“The rights of men”

The thing behind Bolshevism and many other modern things is a new doubt. It is not merely a doubt about God; it is rather specially a doubt about Man.  The old morality, the Christian religion, the Catholic Church, differed from all this new mentality because it really believed in the rights of men.  That is, it believed that ordinary men were clothed with powers and privileges and a kind of authority. Thus the ordinary man had a right to deal with dead matter, up to a given point; that is the right of property.  Thus the ordinary man had a right to rule the other animals within reason; that is the objection to vegetarianism and many other things. The ordinary man had a right to judge about his own health, and what risks he would take with the ordinary things of his environment; that is the objection to Prohibition and many other things. The ordinary man had a right to judge of his children’s health, and generally to bring up children to the best of his ability; that is the objection to many interpretations of modern State education. Now in these primary things in which the old religion trusted a man, the new philosophy utterly distrusts a man.  It insists that he must be a very rare sort of man to have any rights in these matters; and when he is the rare sort, he has the right to rule others even more than himself.

The Outline of Sanity (1926).

The thing behind Bolshevism and many other modern things is a new doubt.
It is not merely a doubt about God; it is rather specially a doubt
about Man.  The old morality, the Christian religion, the Catholic Church,
differed from all this new mentality because it really believed
in the rights of men.  That is, it believed that ordinary men
were clothed with powers and privileges and a kind of authority.
Thus the ordinary man had a right to deal with dead matter,
up to a given point; that is the right of property.  Thus the
ordinary man had a right to rule the other animals within reason;
that is the objection to vegetarianism and many other things.
The ordinary man had a right to judge about his own health, and what
risks he would take with the ordinary things of his environment;
that is the objection to Prohibition and many other things.
The ordinary man had a right to judge of his children's health,
and generally to bring up children to the best of his ability;
that is the objection to many interpretations of modern State education.
Now in these primary things in which the old religion trusted a man,
the new philosophy utterly distrusts a man.  It insists that he must be a
very rare sort of man to have any rights in these matters; and when he is
the rare sort, he has the right to rule others even more than himself.
Published in: on April 7, 2010 at 7:53 am  Comments (1)  

“Like divers at the bottom of the sea”

It is almost too broadly comic that an essential of life like water should be pumped to us from nobody knows where, by nobody knows whom, sometimes nearly a hundred miles away. It is every bit as funny as if air were pumped to us from miles away, and we all walked about like divers at the bottom of the sea. The only reasonable person is the peasant who owns his own well. But we have a long way to go before we begin to think about being reasonable.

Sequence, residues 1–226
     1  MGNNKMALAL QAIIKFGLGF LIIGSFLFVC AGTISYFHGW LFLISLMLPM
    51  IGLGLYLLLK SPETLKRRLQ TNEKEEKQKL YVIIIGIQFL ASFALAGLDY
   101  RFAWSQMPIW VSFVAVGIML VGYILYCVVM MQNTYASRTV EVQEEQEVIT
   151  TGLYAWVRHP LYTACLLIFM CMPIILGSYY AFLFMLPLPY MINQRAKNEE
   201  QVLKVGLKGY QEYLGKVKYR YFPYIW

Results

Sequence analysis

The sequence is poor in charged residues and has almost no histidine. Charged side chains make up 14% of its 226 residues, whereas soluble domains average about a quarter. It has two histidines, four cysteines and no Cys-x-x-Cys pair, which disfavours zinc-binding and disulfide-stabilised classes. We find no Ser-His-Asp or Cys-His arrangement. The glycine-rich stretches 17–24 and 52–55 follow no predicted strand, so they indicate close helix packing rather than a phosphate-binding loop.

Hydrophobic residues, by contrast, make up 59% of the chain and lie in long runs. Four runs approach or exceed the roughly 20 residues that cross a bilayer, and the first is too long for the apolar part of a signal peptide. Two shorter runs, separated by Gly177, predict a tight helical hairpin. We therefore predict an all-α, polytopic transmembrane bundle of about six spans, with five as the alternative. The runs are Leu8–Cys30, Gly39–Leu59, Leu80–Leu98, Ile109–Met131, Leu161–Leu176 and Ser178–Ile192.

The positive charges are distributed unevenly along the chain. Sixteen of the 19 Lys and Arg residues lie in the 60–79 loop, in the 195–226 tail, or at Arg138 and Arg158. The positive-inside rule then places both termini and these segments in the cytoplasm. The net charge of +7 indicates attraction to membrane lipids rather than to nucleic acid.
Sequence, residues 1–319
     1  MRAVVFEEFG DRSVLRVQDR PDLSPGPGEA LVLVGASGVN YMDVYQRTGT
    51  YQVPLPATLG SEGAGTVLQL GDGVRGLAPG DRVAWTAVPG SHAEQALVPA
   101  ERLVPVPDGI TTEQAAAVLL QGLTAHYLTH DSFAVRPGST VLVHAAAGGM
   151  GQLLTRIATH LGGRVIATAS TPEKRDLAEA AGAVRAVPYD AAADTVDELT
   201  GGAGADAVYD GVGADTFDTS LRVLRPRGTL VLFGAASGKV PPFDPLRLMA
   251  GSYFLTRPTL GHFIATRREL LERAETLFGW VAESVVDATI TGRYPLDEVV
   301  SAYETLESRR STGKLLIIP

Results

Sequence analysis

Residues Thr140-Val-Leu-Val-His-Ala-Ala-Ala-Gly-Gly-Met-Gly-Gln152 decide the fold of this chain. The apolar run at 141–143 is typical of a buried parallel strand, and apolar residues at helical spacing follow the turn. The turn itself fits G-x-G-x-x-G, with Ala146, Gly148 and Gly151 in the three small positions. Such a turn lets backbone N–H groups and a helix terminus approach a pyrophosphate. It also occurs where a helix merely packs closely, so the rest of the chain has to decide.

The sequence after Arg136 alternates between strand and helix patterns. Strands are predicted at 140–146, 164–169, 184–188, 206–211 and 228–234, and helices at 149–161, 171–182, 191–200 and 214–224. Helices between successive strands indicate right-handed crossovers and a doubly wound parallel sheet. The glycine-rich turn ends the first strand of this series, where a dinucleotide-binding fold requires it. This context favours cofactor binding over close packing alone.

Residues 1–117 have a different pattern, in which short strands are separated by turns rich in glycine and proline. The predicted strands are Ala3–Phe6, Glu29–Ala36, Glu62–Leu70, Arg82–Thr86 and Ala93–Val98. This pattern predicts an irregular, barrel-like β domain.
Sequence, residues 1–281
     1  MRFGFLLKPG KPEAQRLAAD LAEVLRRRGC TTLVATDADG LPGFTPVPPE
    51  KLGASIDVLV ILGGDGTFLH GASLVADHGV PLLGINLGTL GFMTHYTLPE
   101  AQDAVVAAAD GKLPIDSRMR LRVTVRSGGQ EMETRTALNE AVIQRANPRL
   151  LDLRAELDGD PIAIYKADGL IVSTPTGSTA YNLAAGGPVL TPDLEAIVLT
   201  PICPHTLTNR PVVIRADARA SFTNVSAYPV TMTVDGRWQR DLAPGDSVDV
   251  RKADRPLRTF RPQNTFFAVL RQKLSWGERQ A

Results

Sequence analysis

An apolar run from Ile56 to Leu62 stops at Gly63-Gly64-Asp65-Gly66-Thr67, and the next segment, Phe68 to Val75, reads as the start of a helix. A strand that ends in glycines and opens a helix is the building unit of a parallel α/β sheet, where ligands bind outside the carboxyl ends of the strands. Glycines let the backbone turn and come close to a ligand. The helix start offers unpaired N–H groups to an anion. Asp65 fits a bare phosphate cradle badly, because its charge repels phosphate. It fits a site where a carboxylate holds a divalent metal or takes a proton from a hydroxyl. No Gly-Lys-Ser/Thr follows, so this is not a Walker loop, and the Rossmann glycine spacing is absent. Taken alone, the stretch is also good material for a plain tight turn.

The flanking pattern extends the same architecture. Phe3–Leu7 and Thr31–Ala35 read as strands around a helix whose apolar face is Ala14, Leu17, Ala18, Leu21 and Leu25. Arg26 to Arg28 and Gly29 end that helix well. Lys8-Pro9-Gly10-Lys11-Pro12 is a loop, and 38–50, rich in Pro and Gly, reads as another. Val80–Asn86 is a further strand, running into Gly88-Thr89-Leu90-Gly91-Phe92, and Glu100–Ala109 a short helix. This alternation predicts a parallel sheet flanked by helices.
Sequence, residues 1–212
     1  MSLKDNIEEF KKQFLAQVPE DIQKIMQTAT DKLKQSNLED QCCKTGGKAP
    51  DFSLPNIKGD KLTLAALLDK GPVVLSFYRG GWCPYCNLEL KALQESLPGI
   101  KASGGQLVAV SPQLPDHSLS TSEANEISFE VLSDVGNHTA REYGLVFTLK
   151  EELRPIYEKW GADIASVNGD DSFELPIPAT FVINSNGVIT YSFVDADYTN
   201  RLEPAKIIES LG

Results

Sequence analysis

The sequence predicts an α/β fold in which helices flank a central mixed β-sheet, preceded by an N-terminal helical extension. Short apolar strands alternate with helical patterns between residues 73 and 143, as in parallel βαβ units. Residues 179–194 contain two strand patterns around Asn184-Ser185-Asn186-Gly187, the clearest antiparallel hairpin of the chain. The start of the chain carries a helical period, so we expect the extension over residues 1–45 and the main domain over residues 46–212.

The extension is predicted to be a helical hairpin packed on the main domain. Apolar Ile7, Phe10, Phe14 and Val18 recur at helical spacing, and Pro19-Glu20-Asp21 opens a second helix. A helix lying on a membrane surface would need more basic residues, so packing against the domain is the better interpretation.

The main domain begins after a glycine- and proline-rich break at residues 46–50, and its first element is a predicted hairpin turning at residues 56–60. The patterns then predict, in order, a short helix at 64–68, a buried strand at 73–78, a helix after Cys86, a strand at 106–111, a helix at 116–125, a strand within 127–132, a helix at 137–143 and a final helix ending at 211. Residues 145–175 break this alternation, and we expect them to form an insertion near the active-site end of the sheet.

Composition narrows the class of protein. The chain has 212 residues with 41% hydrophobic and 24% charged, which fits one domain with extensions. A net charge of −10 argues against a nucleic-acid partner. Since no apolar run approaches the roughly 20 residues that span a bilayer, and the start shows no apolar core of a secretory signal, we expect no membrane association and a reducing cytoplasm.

The Outline of Sanity (1926).

Published in: on March 17, 2010 at 7:39 am  Comments (1)  

“The same thing”

In practice we already know what is meant by a holiday in a world of machinery and mass production.  It means that a man, when he has done turning a handle, has a choice of certain pleasures offered to him. He can, if he likes, read a newspaper and discover with interest how the Crown Prince of Fontarabia landed from the magnificent yacht Atlantis amid a cheering crowd; how certain great American millionaires are making great financial consolidations; how the Modern Girl is a delightful creature, in spite of (or because of) having shingled hair or short skirts; and how the true religion, for which we all look to the Churches, consists of sympathy and social progress and marrying, divorcing, or burying everybody without reference to the precise meaning of the ceremony.  On the other hand, if he prefers some other amusement, he may go to the Cinema, where he will see a very vivid and animated scene of the crowds cheering the Crown Prince of Fontarabia after the arrival of the yacht Atlantis; where he will see an American film featuring the features of American millionaires, with all those resolute contortions of visage which accompany their making of great financial consolidations; where there will not be lacking a charming and vivacious heroine, recognizable as a Modern Girl by her short hair and short skirts; and possibly a kind and good clergyman (if any) who explains in dumb show, with the aid of a few printed sentences, that true religion is social sympathy and progress and marrying and burying people at random. But supposing the man’s tastes to be detached from the drama and from the kindred arts, he may prefer the reading of fiction; and he will have no difficulty in finding a popular novel about the doubts and difficulties of a good and kind clergyman slowly discovering that true religion consists of progress and social sympathy, with the assistance of a Modern Girl whose shingled hair and short skirts proclaim her indifference to all fine distinctions about who should be buried and who divorced; nor, probably, will the story fail to contain an American millionaire making vast financial consolidations, and certainly a yacht and possibly a Crown Prince. But there are yet other tastes that are catered for under the conditions of modern publicity and pleasure-seeking. There is the great institution of wireless or broadcasting; and the holiday-maker, turning away from fiction, journalism, and film drama, may prefer to “listen-in” to a programme that will contain the very latest news of great financial consolidations made by American millionaires; which will most probably contain little lectures on how the Modern Girl can crop her hair or abbreviate her skirts; in which he can hear the very accents of some great popular preacher proclaiming to the world that revelation of true religion which consists of sympathy and social progress rather than of dogma and creed; and in which he will certainly hear the very thunder of cheering which welcomes His Royal Highness the Crown Prince of Fontarabia when he lands from the magnificent yacht Atlantis.  There is thus indeed a very elaborate and well-ordered choice placed before him, in the matter of the means of entertainment.